Sunday, May 25, 2014

Current Movie Review: "Chef" Fun stuff!

If you're a foodie and like good dishes, then Chef is a good bet for a movie-watching. Jon Favreau staffing as Chef Carl Casper decides to ditch his job at a fancy L.A. restaurant owned by Dustin Hoffman when they clash over what should go on the menu. Oliver Platt plays a smarmy food critic and blogger who skewers Chef Carl, and their loud confrontation goes viral. Luckily, he has an ex (played by SofĂ­a Vergara who I love as Gloria on Modern Family) with a heart of gold and a solid friend in John Leguizamo playing line cook Martin. Chef Carl flies down to Miami with his ex and young son. While there, he reconnects with his roots and decides to open a sleek food truck specializing in Cuban cuisine. He is much happier and drives it back to L.A. along with his son and Martin. I got hungry from seeing all the great food being prepared. It was good to see Dustin Hoffman and Robert Downey, Jr. in their cameo roles. The film's soundtrack is Latino and snappy, adding to the fun stuff.

Sunday, May 18, 2014

Current Movie Review: Locke

This 2013 indie film was written and directed by Steven Knight. The entire drama takes place within the confines of a moving car. Ivan Locke is a construction manager getting ready to pour an enormous amount of concrete for a big project. Unfortunately, he gets a call that sends him on a harrowing 90-minute drive to London. He makes and receives a series of phone calls while he is driving, and we learn what has sent him on his trip. This unusual premise works, for the most part. Tom Hardy, the harried driver, gives an intense performance of a man with a lot of pressure on him. I wasn't sure if I found Ivan to be a sympathetic character. His problems were largely of his own stupid doing. He keeps thinking and saying he can fix it or make it right. But can he? He also talks a lot to his invisible dead father in the rear seat. Evidently, they weren't close. The movie clips right along so there isn't much dragging. gives Locke 7.7 which I believe is a little high.

Friday, May 16, 2014

My New Private Eye Novel: AFTER THE BIG NOISE (A P.I. Frank Johnson Mystery)

This week I released my first book published in 2014. After the Big Noise is out as a Kindle. P.I. Frank Johnson and I have been together for a good while. Frank made his debut appearance as the short story “New Sheriff in Town” in the old Plots With Guns Ezine back in September 2001. After the Big Noise makes number six of his novels plus the one short story collection. Seven books is a creditable run. The late James Crumley blurbed Frank’s debut novel Pelham Fell Here. The Blue Cheer picked up a starred review in Booklist. It earned favorable reviews in the large newspapers like San Diego Union-Tribune and Halifax Herald Chronicle. He’s still going strong. So, kick back, read on, and enjoy his latest hardboiled caper.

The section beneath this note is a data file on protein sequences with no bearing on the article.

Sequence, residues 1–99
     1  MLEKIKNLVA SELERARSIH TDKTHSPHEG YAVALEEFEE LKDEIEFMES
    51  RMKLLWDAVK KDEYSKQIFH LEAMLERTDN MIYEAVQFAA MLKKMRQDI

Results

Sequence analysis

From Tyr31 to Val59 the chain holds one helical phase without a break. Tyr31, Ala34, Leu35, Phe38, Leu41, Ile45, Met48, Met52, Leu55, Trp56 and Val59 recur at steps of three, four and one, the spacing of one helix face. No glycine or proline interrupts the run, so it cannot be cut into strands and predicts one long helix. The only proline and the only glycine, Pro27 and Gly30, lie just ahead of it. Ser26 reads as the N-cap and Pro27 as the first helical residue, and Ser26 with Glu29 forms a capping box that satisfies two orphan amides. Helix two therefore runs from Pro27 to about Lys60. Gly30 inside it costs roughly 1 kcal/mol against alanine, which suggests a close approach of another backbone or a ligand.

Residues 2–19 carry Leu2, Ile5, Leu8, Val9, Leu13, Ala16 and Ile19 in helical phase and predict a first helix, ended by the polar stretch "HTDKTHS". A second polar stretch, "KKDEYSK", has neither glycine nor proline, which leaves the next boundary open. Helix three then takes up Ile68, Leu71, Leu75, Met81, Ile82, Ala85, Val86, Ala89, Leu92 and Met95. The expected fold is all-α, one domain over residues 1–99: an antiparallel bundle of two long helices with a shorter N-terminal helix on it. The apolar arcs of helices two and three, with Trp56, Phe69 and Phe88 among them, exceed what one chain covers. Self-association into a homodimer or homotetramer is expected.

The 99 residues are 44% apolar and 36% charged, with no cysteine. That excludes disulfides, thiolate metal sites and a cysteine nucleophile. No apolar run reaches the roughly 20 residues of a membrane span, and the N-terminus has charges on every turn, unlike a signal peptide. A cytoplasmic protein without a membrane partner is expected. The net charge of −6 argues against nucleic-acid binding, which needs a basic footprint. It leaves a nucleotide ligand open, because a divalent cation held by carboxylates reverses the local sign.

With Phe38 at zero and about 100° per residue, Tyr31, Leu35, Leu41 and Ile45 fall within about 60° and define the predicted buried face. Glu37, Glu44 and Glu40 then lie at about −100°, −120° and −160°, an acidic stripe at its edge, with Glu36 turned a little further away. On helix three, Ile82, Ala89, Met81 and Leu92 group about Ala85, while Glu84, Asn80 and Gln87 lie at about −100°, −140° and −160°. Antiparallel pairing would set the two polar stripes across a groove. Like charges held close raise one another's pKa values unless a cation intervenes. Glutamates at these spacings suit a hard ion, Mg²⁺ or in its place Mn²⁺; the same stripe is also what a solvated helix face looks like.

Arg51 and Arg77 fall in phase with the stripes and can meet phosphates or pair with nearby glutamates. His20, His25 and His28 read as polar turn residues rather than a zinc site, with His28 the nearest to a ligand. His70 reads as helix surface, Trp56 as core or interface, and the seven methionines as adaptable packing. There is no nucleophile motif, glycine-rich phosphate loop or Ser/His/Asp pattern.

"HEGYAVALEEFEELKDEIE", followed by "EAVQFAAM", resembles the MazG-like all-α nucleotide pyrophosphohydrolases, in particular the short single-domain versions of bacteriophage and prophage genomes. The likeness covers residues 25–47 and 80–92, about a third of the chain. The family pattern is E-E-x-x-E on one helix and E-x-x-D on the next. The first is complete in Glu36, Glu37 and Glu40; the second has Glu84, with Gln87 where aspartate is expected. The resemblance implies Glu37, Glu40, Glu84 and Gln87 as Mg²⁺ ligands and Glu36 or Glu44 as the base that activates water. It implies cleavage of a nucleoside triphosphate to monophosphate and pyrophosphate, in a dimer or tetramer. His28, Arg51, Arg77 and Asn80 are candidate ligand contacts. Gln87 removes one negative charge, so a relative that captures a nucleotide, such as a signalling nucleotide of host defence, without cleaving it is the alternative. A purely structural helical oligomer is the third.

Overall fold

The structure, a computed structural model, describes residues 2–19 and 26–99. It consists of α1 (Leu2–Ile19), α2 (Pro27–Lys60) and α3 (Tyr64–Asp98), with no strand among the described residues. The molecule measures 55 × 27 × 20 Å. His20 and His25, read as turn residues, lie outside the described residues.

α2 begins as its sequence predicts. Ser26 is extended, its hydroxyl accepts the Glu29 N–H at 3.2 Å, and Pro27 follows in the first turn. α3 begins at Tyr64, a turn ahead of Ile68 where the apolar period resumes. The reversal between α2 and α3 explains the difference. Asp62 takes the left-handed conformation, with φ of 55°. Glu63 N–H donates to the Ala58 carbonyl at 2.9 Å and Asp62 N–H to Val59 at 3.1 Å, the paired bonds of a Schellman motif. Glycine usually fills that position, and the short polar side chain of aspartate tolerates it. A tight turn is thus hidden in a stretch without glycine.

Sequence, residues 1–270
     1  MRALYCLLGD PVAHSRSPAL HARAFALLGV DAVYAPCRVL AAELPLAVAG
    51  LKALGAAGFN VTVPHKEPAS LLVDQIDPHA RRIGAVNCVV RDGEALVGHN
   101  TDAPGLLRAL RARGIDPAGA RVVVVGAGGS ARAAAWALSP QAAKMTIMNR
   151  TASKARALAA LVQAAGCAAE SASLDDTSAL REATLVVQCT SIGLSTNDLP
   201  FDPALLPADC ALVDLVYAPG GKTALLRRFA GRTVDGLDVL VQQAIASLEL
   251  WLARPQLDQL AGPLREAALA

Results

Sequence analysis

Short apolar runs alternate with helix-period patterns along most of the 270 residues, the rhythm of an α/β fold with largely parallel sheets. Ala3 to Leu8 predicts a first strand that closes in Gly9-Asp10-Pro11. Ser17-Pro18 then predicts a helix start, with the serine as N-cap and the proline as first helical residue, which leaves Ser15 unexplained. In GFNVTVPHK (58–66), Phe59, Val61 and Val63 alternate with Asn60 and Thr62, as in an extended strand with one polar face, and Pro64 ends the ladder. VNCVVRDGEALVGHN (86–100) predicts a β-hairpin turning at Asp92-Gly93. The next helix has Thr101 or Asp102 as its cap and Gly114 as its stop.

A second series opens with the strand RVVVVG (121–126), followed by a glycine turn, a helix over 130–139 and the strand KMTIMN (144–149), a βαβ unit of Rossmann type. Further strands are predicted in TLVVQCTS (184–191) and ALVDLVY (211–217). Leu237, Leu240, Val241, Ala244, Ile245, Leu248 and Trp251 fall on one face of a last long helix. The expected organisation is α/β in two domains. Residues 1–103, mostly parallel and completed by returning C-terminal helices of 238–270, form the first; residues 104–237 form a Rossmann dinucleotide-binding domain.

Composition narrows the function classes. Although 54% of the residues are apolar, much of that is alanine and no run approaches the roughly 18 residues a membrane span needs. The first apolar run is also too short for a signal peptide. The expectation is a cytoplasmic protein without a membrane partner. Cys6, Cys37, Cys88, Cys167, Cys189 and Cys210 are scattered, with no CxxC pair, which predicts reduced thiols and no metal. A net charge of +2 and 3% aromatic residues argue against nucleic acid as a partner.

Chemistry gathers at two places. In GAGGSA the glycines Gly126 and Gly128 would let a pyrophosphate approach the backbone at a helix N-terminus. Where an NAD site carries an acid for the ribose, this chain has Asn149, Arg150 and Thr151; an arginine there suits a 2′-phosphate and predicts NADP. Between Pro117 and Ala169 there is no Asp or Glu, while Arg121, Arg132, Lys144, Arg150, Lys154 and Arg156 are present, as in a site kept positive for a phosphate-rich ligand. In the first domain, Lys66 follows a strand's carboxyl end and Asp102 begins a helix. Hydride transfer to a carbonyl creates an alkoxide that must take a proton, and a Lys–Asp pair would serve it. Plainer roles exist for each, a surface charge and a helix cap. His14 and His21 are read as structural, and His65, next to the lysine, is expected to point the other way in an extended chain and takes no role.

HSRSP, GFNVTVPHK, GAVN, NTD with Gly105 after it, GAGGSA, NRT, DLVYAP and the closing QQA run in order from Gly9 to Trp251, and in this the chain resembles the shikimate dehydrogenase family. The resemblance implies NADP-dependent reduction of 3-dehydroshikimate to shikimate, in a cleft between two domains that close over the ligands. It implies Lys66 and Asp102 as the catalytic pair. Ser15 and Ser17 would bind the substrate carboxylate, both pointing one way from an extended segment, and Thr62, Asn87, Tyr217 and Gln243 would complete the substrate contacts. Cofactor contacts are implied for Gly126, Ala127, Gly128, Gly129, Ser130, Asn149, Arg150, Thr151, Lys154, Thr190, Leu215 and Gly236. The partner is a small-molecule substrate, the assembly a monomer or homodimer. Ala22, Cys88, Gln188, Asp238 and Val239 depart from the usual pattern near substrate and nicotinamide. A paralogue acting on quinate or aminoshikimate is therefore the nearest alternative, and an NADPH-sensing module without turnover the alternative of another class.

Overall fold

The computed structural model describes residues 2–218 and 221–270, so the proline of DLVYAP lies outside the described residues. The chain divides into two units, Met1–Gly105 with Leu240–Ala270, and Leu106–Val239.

The book description listed Amazon:

For his next hardboiled outing, P.I. Frank Johnson accepts a pair of new cases just before the 2005 year-end holidays. First, he hunts for a missing husband, and second, he looks for the truth behind a city police detective’s gunshot death in a remote alley. Frank’s hopes for a timely resolution fade when both cases take him down their twisty paths, including a side trip back to his native town of Pelham, Virginia. With his partner, the bounty hunter Gerald Peyton, getting his back, Frank chases down the clues leading them to an abandoned rocket manufacturing facility. Blue Flare Rockets is where they run into more trouble than either man has ever confronted before their long, harrowing night inside the facility’s razor wire fence is finished.

Monday, May 12, 2014

Tuesday's Overlooked Films: Crime, Inc. Starring Tom Neal (Detour)

This better-than-average film noir from 1945 involves, as its title suggests, organized crime and law enforcement's determined efforts to oppose it. Tom Neal (from Detour) stars as a crime reporter/crusader and Martha Tilton as his night club singer girlfriend. She sings a few nice big band numbers along the way. Sheldon Leonard (any Big Bang Theory fans out there?) is also featured as a cop, and Leo Carrillo is a shady night club owner. I enjoyed the film mostly for watching Tom Neal's role since I liked his star turn in the cult classic Detour he made with Ann Savage. Of course, he went on to a troubled future in his personal life, including serving a prison stretch for manslaughter. But Tom Neal looks fit and happy acting in this film, and it's enjoyable enough to watch him. gives Crime, Inc. only a 5.6 rating which I believe is a bit too low.

Sunday, May 4, 2014

Tuesday's Overlooked Films: The Captive City

This 1952 crime drama directed by Robert Wise is one of several the Kefauver Committee investigation of organized crime films made with Hollywood. Dark-browed, stern Senator Estes Kefauver appears as himself at the movie's end to lecture the American citizenry on the evils of graft and bookmaking, as if they didn't already know. If you skip over that part, what is left is a pretty entertaining story. John Forsythe (yeah, the voice used in Charlie's Angels) stars as Jim Austin, the editor of a small city newspaper. Before long, he is drawn into the city's seedy underbelly and decides to take on the mob's chief thugs. Two murders and a beat up photographer played by Martin Milner (Adam 12) follow. There is a moralizing streak at work, but Forsythe's earnest performance keeps things moving along. rates The Captive City was a 6.7, and that seems about right to me.